Lead and Zinc
Zinc pulled back on Wednesday to below $3,400 a tonne, but stayed within shouting distance of the best levels since August 2007 as worries about global stocks of the metal, mainly used in galvanizing steel, continue to support prices.
In a research report consultants Wood Mackenzie said the combination of scheduled mine closures, top producer Glencore's strategic cuts and the impact of environmental inspections in China has depleted global stocks of concentrate.
According to the report global zinc stockpiles fell by a third in 2017 to 1.8 million tons, equivalent to 47 days of global usage. Exchange stocks halved from 500kt to 250kt (equivalent to just 6 days of global consumption) over the same period.
By the end of the second quarter, there will be less than 40 days’ of stock available for consumers; "a critically low level" according to the authors which should propel prices to $4,000 a tonne in the third quarter of this year.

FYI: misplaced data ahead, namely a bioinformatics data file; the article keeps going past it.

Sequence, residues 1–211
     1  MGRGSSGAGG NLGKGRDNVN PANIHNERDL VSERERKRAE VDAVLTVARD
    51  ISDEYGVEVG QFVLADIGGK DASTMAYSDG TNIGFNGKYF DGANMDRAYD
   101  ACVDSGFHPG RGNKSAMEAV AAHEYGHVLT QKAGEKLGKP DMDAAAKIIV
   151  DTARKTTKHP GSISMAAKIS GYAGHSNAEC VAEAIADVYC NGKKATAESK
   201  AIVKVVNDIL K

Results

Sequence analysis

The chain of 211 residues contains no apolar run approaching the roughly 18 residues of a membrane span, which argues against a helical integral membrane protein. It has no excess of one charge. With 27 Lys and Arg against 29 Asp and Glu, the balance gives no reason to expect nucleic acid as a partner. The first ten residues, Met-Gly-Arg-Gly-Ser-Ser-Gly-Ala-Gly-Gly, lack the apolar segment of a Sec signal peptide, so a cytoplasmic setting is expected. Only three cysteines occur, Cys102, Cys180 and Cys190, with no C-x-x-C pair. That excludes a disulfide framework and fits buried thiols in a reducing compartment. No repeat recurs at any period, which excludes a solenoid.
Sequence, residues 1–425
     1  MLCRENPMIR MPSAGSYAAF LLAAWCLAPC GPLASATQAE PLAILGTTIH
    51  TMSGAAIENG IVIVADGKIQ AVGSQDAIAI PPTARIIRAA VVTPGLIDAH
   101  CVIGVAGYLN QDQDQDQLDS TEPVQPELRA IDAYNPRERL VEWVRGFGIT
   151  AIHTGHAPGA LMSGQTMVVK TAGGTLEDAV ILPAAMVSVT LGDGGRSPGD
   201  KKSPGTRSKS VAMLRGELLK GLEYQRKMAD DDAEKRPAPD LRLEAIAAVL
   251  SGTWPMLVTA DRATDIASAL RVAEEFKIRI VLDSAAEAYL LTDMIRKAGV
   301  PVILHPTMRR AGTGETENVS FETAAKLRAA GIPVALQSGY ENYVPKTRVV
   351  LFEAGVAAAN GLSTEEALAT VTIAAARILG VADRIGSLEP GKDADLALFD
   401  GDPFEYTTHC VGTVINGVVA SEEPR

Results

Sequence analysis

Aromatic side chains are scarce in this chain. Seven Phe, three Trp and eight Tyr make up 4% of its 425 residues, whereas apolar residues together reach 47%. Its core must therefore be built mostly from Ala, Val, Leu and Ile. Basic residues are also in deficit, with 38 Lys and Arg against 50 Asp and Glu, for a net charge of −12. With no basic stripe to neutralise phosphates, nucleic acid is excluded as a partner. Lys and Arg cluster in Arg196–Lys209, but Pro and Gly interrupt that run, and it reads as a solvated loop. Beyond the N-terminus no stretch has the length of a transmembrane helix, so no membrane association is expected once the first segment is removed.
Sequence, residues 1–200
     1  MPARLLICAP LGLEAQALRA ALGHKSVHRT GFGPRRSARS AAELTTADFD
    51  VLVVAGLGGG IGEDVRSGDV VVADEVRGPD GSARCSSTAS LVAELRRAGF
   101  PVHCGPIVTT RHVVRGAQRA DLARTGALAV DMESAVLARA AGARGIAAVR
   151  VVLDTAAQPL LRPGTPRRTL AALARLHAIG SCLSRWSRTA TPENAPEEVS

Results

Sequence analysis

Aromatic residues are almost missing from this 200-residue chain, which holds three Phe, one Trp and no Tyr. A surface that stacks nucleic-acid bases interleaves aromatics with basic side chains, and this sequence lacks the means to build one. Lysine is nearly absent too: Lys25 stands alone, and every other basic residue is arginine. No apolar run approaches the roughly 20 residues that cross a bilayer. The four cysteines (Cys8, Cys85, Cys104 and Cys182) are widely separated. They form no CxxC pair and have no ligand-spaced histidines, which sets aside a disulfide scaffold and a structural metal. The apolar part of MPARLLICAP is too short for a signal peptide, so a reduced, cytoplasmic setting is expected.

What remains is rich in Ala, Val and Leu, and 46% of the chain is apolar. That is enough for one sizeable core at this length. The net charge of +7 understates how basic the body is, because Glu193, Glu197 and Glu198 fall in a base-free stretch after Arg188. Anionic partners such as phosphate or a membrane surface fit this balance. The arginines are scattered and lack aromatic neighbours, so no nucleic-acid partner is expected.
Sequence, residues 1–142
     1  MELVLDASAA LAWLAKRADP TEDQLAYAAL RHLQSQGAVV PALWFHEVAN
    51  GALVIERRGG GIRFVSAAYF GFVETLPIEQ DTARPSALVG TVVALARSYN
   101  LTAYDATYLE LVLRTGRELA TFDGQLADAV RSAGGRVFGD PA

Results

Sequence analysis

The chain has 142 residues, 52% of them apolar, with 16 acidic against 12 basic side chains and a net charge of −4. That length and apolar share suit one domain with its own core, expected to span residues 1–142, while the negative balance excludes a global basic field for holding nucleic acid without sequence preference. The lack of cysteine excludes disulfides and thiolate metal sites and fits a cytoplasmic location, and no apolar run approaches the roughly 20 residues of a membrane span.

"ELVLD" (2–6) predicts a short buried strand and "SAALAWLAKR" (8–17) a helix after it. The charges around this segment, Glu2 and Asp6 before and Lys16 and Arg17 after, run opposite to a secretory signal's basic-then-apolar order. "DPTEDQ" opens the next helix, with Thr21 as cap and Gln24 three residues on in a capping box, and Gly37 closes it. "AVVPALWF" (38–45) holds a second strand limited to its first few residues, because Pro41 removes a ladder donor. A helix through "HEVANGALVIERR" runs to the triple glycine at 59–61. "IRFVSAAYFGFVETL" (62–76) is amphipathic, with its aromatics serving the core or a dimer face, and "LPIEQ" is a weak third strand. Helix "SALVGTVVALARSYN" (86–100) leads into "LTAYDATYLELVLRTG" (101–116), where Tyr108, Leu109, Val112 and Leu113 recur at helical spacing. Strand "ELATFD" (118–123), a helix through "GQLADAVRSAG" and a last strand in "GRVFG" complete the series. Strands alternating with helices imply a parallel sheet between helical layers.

However, says Woodmac, zinc has the potential to rally even further:
"As the rapid escalation of the price thus far in 2018 has demonstrated, there is a strong possibility that investor
enthusiasm will pre-empt the tightness in the refined market and the cyclical peak in the price could be higher and sooner than
our base case assumption of a Q1 2019 average of $4,100/t."
Zinc has more than doubled since hitting multi-year lows in January 2016 when top producer Glencore curtailed production to shore up prices.
In December, Glencore said it would restart its Lady Loretta mine in the first half of this year, but added that it still expects zinc output to decrease slightly in 2018 to a shade under 1.1 million tonnes. In 2019, Glencore sees its zinc output creeping back up to 1.16 million tonnes.
Overall global zinc supply is to increase with additional capacity coming online in Australia (MMG's Dugald River project) and South Africa (Vedanta's Gamsberg mine).